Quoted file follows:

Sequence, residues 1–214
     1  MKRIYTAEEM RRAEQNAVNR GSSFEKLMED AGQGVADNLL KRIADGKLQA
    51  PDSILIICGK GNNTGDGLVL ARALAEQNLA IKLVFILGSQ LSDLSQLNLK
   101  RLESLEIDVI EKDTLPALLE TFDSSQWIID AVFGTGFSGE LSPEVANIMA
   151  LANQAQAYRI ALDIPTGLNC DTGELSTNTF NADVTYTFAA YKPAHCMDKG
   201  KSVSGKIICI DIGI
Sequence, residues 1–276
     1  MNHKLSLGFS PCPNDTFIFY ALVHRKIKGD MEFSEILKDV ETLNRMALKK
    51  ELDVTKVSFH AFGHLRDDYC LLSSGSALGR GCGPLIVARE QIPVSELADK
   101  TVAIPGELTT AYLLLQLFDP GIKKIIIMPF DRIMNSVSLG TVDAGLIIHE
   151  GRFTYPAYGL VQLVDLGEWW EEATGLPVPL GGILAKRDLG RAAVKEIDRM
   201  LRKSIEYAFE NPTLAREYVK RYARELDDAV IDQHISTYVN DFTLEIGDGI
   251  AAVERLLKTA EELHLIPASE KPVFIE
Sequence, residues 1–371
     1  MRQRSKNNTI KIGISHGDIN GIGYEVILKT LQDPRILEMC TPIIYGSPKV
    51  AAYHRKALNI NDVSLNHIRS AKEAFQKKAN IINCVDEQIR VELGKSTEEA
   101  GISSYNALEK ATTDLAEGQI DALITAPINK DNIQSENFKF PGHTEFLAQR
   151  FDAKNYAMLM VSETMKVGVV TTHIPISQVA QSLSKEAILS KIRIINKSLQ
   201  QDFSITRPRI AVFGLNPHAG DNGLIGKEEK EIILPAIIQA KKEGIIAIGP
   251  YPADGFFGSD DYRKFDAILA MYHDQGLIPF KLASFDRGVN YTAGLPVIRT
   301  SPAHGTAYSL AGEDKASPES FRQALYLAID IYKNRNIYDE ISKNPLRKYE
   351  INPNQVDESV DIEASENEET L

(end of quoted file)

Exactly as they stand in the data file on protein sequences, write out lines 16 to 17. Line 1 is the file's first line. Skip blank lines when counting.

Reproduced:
    51  AAYHRKALNI NDVSLNHIRS AKEAFQKKAN IINCVDEQIR VELGKSTEEA
   101  GISSYNALEK ATTDLAEGQI DALITAPINK DNIQSENFKF PGHTEFLAQR